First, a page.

UCSF School of Dentistry

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School of Dentistry
UCSFDentistryLogo.png
TypePublic
Established1881
Parent institution
University of California, San Francisco
DeanMichael Reddy
Academic staff
863
Students817
152
Alumni7,002
Location,
37°45′46″N 122°27′29″W / 37.7627°N 122.4581°W / 37.7627; -122.4581Coordinates: 37°45′46″N 122°27′29″W / 37.7627°N 122.4581°W / 37.7627; -122.4581
Websitehttps://dentistry.ucsf.edu/

The UCSF School of Dentistry is the dental school of the University of California, San Francisco, in San Francisco, California, in the United States. Founded in 1881, it is the oldest dental school in California and the western United States. It is accredited by the American Dental Association.[1] In 2016, it had received the highest NIH funding of any US dental school for 25 consecutive years.[2]

History[edit]

The Dental College was established in 1881 by the University of California Regents September 7, 1881, and became the third of the Affiliated Colleges (together with Medicine and Pharmacy). The first class, which started in 1882, was composed of 25 men and one woman. In 1892 the Dental Clinic was transferred to downtown San Francisco to be closer to the population. In 1906, the dental clinic also moved to Mount Sutro after the 1906 San Francisco earthquake and fire destroys its downtown site. The dental clinic helped minister to the refugee population, which was camped out in nearby Golden Gate Park. Guy S. Millberry, who graduate himself from the dental school in 1901, became the dean of the College in 1914 and during his 25 year tenure he modernized the school. He secured funding from the American Dental Association and the Carnegie Corporation in order to make the dental program one of the most advanced in the country. He also revived the curriculum and developed a dental hygiene program. He also was fundamental in the construction of the Clinics Buildings at Parnassus[3]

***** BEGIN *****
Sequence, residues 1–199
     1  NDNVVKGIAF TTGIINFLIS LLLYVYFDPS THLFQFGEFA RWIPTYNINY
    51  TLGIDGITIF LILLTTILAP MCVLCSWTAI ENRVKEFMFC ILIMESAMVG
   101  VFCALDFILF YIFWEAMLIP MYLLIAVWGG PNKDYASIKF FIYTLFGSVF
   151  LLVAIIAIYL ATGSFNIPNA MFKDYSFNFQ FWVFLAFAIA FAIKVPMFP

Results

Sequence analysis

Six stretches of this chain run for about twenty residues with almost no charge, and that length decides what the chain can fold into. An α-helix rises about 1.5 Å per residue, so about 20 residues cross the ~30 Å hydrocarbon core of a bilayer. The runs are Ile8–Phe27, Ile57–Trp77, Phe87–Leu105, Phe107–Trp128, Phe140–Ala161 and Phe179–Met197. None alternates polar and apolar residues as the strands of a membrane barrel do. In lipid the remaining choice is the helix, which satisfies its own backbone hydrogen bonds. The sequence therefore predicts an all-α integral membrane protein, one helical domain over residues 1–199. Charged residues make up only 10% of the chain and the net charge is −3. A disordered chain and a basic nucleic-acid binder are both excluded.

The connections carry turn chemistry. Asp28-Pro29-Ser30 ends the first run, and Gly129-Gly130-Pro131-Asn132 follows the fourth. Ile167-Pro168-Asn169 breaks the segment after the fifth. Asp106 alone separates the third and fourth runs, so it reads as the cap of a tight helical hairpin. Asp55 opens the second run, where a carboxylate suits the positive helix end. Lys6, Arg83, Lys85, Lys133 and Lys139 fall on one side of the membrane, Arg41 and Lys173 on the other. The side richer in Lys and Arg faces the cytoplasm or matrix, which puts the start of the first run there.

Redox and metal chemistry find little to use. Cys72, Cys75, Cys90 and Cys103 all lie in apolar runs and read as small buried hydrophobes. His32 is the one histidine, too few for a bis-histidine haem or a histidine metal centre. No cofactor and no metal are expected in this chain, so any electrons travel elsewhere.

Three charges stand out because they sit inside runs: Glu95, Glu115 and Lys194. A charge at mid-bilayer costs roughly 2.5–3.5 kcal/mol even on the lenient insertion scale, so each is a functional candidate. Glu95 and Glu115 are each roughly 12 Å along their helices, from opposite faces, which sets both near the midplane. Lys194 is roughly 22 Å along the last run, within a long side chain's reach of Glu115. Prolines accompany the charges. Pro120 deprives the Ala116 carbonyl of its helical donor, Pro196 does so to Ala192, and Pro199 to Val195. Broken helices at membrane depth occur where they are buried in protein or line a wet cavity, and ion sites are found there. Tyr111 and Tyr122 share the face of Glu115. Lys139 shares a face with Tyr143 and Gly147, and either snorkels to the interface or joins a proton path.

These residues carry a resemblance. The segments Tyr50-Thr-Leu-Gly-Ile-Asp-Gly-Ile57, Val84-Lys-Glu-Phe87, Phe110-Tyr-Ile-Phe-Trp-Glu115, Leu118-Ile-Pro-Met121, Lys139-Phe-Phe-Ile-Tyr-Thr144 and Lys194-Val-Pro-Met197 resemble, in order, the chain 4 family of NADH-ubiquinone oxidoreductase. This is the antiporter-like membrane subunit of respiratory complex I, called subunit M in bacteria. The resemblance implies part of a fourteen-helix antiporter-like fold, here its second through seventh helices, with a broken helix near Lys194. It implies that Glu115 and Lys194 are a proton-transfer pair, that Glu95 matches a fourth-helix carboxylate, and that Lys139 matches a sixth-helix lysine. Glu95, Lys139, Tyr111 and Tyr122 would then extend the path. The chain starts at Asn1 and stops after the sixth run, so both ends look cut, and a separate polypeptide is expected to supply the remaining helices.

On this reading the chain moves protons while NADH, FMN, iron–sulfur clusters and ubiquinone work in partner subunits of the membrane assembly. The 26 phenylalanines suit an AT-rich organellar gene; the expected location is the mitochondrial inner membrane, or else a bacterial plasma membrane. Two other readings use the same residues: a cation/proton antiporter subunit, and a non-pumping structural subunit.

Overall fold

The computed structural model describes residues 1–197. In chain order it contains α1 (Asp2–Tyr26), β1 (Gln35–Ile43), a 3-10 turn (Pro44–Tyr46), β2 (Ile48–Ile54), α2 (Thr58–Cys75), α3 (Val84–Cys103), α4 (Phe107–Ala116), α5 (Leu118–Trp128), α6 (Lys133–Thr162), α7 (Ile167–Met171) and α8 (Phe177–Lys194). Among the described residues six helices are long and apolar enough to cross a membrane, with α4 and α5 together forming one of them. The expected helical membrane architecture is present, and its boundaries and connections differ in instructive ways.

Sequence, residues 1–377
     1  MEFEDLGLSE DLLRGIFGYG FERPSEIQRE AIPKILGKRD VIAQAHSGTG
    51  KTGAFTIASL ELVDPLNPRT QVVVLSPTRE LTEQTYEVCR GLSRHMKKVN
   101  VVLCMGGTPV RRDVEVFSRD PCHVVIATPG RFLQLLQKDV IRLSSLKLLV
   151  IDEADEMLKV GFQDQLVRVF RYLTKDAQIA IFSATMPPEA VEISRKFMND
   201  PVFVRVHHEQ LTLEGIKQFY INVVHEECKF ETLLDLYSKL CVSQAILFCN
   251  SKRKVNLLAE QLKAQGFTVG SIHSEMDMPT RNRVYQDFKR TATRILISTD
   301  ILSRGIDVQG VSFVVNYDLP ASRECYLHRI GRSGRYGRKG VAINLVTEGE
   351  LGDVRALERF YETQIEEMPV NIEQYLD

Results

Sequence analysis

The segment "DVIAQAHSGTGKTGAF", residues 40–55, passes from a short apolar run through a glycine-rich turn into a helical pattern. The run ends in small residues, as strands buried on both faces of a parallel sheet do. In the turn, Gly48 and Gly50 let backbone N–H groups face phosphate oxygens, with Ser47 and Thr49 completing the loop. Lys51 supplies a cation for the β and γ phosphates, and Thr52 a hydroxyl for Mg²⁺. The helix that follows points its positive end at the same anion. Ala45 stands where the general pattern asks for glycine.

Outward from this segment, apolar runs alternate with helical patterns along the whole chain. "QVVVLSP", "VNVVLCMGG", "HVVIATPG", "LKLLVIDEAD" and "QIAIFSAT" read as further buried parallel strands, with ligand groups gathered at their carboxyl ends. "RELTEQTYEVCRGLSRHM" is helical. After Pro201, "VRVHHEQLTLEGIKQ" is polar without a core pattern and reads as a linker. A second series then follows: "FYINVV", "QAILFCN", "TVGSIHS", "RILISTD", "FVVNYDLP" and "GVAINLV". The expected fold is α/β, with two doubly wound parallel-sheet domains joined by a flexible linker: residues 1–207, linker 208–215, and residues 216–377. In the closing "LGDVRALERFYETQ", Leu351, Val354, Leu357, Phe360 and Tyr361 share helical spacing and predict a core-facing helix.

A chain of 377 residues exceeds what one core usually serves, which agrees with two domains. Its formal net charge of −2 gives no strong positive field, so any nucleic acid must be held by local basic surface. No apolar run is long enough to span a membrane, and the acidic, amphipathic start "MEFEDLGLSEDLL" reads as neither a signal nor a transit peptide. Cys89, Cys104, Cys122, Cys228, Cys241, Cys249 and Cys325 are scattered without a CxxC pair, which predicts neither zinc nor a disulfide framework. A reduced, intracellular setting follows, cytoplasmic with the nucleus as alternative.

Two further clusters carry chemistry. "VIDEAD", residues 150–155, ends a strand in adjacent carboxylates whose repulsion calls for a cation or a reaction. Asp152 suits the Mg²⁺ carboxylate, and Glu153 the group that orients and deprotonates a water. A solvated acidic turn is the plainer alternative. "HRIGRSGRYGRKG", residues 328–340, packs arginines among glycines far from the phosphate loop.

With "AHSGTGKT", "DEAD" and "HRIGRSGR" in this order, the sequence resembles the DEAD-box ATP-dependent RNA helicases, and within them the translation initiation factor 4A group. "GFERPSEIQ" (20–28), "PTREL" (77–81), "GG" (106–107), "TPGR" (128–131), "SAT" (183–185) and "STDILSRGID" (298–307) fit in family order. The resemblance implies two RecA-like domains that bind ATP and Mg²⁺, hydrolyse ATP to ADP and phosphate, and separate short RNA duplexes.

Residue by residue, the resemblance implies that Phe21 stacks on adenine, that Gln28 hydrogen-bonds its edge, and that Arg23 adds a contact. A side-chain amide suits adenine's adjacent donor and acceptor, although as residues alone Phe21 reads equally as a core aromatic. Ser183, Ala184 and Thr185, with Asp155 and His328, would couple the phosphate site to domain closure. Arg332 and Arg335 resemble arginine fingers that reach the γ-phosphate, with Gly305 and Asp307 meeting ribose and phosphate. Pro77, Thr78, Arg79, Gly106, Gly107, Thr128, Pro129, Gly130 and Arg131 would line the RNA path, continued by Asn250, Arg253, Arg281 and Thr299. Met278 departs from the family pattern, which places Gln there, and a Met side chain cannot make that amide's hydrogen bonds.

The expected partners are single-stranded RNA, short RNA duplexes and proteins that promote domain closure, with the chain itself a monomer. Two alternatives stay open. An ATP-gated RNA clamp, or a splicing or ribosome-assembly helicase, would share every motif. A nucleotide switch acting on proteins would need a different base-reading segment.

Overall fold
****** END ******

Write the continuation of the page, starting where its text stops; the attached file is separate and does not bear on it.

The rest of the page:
Campus was officially designated as the University of California San Francisco in 1970 and it gains more independence from the UC system. Many graduate programs were transferred to Parnassus from the UC Berkeley campus (where they had been before UCSF was made more autonomous) and post-graduate programs in dental public health was launched. The community dental clinics at Buchanan Street and San Francisco General Hospital opened in 1979. Major improvements to facilities came with the opening of the Dental Clinics Building. Assistant U.S. Surgeon General John C. Greene became dean of the School in 1981 and embarks on a campaign to strengthen basic and applied research at the school. During his tenure, he led the school from the middle third of US schools to being number one in the country by most indices.[4] During this period Greene engaged in a campaign to raise public awareness of the dangers of smokeless tobacco. His work led to the largest and most comprehensive study of the health effects of smokeless tobacco among professional baseball players (Ernster et al. 1990). He was a co–principal investigator of the study.[5] In 1984, the School of Dentistry was chosen to spearhead the strategic planning and implementation phases of the Pew National Dental Education Program.